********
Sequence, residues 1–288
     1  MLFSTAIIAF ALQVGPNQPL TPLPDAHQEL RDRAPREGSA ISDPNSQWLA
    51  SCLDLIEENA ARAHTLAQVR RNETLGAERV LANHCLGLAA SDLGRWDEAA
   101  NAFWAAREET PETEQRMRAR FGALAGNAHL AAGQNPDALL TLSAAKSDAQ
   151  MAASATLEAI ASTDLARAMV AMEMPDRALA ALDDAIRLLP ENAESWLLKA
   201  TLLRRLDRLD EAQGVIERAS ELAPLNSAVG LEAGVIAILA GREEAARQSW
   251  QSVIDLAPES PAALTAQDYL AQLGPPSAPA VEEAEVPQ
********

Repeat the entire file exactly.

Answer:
Sequence, residues 1–288
     1  MLFSTAIIAF ALQVGPNQPL TPLPDAHQEL RDRAPREGSA ISDPNSQWLA
    51  SCLDLIEENA ARAHTLAQVR RNETLGAERV LANHCLGLAA SDLGRWDEAA
   101  NAFWAAREET PETEQRMRAR FGALAGNAHL AAGQNPDALL TLSAAKSDAQ
   151  MAASATLEAI ASTDLARAMV AMEMPDRALA ALDDAIRLLP ENAESWLLKA
   201  TLLRRLDRLD EAQGVIERAS ELAPLNSAVG LEAGVIAILA GREEAARQSW
   251  QSVIDLAPES PAALTAQDYL AQLGPPSAPA VEEAEVPQ